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  5. "Ο καθηγητής βλέπει τον ήλιο."

"Ο καθηγητής βλέπει τον ήλιο."

Translation:The professor sees the sun.

September 16, 2016

13 Comments


https://www.duolingo.com/profile/LenaKoutis

I thought Βλέπει was more like see, and κοιτάζει more look at. no?


https://www.duolingo.com/profile/jaye16

You're right but without contect we can use either.


https://www.duolingo.com/profile/a1.el.en.1

I think that the solution which is marked "best" should use "see" rather than "looking at", though. "Looking at" can be an alternative translation if you think that is an acceptable translation. (It seems wrong to me.)

-mizinamo


https://www.duolingo.com/profile/LenaKoutis

Interesting. Ok. Thanks


https://www.duolingo.com/profile/HellasCad

Looks at is κοιτάζει.


https://www.duolingo.com/profile/JacobPast177

If I remember right the (main) translation originally was the professor is looking at the sun, and this is what Lena's and Mizinamo's comments are about. In response to this discussion the translation was then changed to the present one.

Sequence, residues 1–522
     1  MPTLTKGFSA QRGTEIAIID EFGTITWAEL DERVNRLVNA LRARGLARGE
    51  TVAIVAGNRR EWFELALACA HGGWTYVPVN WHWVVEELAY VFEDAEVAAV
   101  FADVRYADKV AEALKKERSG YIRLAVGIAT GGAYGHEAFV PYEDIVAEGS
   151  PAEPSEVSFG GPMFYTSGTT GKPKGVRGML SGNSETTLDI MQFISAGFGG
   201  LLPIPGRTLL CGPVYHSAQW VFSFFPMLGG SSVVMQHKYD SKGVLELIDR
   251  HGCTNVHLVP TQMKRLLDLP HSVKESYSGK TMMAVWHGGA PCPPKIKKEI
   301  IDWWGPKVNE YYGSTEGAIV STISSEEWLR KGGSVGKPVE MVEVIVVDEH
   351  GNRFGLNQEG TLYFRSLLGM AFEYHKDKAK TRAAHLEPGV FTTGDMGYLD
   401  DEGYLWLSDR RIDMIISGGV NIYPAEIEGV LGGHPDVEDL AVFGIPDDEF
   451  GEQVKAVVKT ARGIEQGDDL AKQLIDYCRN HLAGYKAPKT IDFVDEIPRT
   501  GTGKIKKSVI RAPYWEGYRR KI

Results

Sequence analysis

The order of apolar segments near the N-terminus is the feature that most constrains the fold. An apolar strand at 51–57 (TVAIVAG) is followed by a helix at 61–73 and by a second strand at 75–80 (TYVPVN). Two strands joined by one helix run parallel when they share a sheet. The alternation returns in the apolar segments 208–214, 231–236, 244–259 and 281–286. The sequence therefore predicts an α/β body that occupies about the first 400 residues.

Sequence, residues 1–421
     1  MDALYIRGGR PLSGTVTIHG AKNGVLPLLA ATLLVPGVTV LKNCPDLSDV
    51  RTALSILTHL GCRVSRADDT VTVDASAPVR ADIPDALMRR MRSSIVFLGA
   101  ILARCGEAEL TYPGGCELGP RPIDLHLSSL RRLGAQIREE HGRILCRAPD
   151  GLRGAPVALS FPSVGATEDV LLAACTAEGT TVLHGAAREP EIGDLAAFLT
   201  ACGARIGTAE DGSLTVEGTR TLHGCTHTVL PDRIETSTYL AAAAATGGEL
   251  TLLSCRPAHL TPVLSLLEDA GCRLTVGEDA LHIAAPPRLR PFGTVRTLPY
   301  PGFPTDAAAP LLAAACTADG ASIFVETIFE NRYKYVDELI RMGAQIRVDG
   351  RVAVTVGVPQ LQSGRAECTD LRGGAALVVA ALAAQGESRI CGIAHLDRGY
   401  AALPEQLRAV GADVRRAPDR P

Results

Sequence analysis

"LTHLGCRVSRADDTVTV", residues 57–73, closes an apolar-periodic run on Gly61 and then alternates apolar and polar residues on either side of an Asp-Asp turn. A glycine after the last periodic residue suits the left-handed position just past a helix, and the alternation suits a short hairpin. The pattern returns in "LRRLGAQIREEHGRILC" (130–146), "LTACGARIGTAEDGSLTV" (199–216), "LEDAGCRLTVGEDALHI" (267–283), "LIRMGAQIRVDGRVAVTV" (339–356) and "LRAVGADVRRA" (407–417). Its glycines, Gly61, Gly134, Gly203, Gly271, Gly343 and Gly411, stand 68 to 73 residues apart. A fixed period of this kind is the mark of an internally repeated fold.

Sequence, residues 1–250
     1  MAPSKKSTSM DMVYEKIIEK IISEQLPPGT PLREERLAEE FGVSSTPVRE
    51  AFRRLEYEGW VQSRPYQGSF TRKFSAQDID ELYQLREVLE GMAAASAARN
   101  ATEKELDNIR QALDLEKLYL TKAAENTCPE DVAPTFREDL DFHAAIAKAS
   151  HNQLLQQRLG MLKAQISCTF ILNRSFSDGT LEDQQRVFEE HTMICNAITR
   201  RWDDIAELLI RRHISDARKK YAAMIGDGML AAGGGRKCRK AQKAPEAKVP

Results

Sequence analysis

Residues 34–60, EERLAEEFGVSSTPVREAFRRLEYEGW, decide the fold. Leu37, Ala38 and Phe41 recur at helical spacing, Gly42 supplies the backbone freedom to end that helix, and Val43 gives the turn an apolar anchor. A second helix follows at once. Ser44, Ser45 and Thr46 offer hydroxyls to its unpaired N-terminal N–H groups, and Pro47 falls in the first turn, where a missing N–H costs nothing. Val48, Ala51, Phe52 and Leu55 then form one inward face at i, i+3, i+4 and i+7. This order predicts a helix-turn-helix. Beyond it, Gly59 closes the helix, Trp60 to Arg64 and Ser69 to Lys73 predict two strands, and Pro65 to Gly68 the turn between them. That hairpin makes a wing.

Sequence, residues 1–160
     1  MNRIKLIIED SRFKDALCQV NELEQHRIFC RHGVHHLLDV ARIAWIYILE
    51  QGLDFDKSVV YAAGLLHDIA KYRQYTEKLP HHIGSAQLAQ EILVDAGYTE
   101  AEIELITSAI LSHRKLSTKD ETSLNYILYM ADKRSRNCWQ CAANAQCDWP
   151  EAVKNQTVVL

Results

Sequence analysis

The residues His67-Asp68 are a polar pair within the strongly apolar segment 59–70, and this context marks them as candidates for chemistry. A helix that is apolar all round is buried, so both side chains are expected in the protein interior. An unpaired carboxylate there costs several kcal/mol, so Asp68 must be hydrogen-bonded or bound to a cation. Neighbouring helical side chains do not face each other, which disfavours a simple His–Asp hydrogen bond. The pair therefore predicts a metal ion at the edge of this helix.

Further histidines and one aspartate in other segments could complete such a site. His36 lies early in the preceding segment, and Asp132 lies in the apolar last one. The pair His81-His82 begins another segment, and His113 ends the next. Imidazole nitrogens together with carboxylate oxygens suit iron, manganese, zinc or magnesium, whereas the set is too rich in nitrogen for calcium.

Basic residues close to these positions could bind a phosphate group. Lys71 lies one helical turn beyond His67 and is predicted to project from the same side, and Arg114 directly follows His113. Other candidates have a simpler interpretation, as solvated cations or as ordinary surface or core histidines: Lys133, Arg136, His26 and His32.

https://www.duolingo.com/profile/aleph_taw

would "the professor watches the sun" be wrong? thanks in advance.


https://www.duolingo.com/profile/oddlady

As a translation, no. You are also correct. Just keep in mind that in greek there's no difference between looking at something which is steady and something that is moving in everyday speech. Also the immediate translation of "watch" is παρακολουθώ


https://www.duolingo.com/profile/Marva441926

"The professor watches the sun" was marked wrong today (15/01/2019)


https://www.duolingo.com/profile/Le._.Doc

Same here. The professor watched the sun and got his eyes badly burned. :)


https://www.duolingo.com/profile/Lng52-._

Is "helium" the same word as "sun" -- "ήλιος, ήλιο"?


https://www.duolingo.com/profile/mizinamo

Not quite the same word.

The gas is ήλιο in modern Greek, and the Ancient Greek form would have been ήλιον. It's a neuter noun (modern το ήλιο, ancient το ήλιον).

If the Romans had borrowed the word, it would have been helium, using the Latin ending for a neuter second-declension noun -- and that is the form we use in English, as newly-coined Greek words are often put into English as if they had come through Latin.

The noun looks similar to the accusative case of the masculine noun ο ήλιος (the sun): modern τον ήλιο, ancient τον ήλιον.

But they're not the same word -- helium is derived from ήλιος with the -ium ending used for the names of metals, since that's what scientists originally believed it was (see https://www.etymonline.com/word/-ium and https://www.etymonline.com/word/helium ).

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